Few now remember that until the 1970's Pakistan had a fairly thriving film industry based in Lahore. Noor Jehan's masterful voice so dominated Pakistan's film music singing that it overshadowed other unjustly forgotten talents. I am particularly fond of Zubaida Khanum's singing. Here's a wonderful song by her composed by "Baba" G.A. Chishti from the 1957 film "Yakke Wali" in which Musarrat Nazir played the title role. The song is "Resham Da Lacha Lak We". These old black & white films evoke a simpler, more innocent time and place. I feel that in many of these songs the Punjabi film heroines are portrayed as less demure figures than their contemporaries in Bombay's films of that era. Many of these women seem to exude a rugged self confidence even within the confines of their traditionally assigned roles.

Zubaida Khanum sang some of the most popular Punjabi film songs of the 50's and 60's. Some of my other Zubaida Khanum favorites include "AssaN Jaan Ke Meet Lai Akh Way" from the 1955 film "Heer" and "Bundey Chandi Dey" from the film "Chan Mahi".

Inayat Hussain Bhatti who hailed from Gujrat is another forgotten name today but many of his songs in the two decades after partition were enormously popular. A glance at his biography shows Bhatti's impressively versatile personality which bucks any stereotype of a Punjabi film hero. The video below is one of my favorite Inayat Hussain Bhatti songs called "Bhagan Waleo" from the 1953 film "Shehri Babu". This song was composed by Rashid Attrey (who along with Master Inayat Hussain and Khawaja Khurshid Anwar comprises the holy trinity of Pakistani music directors). Bhatti himself is the actor in this clip:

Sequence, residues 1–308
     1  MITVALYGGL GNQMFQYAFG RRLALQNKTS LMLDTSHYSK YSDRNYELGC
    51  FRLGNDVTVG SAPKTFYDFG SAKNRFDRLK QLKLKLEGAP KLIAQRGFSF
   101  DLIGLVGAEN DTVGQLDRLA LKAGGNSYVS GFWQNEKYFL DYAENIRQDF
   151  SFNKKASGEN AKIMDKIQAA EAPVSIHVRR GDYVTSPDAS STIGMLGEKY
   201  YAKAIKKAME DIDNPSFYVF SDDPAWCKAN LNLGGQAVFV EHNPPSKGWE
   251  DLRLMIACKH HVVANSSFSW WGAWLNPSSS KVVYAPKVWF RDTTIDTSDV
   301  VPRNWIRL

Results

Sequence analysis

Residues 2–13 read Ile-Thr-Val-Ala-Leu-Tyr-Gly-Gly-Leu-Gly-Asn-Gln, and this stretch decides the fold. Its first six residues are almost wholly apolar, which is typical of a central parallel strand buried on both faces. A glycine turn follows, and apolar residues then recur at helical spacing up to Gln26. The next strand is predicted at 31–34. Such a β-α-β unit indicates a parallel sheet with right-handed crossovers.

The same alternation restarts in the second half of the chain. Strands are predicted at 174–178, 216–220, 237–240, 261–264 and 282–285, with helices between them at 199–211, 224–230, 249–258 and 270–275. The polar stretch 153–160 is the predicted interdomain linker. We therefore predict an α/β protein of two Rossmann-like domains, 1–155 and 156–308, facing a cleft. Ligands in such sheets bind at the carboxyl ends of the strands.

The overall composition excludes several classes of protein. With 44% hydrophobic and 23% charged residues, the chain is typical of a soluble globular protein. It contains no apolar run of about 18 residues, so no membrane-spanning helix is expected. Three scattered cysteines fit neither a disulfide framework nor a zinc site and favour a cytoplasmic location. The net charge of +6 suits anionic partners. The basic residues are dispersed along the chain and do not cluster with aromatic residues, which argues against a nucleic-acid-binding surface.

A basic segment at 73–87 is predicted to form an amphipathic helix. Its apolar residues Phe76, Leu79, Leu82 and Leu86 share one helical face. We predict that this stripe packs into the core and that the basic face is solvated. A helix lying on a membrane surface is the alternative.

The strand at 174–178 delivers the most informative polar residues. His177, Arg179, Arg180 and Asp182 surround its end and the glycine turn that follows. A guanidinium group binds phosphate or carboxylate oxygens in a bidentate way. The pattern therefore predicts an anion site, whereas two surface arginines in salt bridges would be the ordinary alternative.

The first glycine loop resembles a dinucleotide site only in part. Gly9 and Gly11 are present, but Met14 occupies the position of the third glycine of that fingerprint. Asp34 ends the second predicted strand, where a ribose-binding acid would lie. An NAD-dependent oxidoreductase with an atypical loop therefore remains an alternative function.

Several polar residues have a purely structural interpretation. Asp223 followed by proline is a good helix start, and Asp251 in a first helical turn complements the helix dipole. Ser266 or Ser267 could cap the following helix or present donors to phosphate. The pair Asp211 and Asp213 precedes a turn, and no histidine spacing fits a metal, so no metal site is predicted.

Some other of my Inayat Hussain Bhatti favorties include "Chan Mere Makhna" (popularized more recently by Shazia Manzoor) and a nice duet with Zubaida Khanum called "Goray Goray Hath Kali Wang Mundaya".

No post on Punjabi film music can be concluded without including a sampling from Noor Jehan's legendary career in Punjabi film singing. Many of her songs (courtesy of singing at Mehndis) are so deeply rooted in West Punjab's culture that they are intimately familiar even to those who have never set foot in a Pakistani cinema. Here is a personal favorite titled "Chan Mahi Aa" from the 1970 film "Heer Ranjha" composed by the master tunesmith Khurshid Anwar.

"Heer Ranjha" had a phenomenal soundtrack and virtually all the songs were superhits including "Mein Cham Cham NachaN", "Wanjhli Walarea", "Rabba Wekh Laya", "Kadi Aa Mil Ranjhan We" and Irene Parveen's lovely, chirpy number "TooN Chor Mein Teri Chori".

Here are some other Noor Jehan songs I like: "Weh Sonay Deya Kangna Sauda Iko Jaya", (a wonderful song in which Anjuman truly makes Noor Jehan's voice come alive), Tere Mukhre Da Kala Kala Til We", (with Noor Jehan herself in the lead role) "Jadon Holi Jai" and countless more.

Coming in Part 2: Punjabi Sufi & Folk Music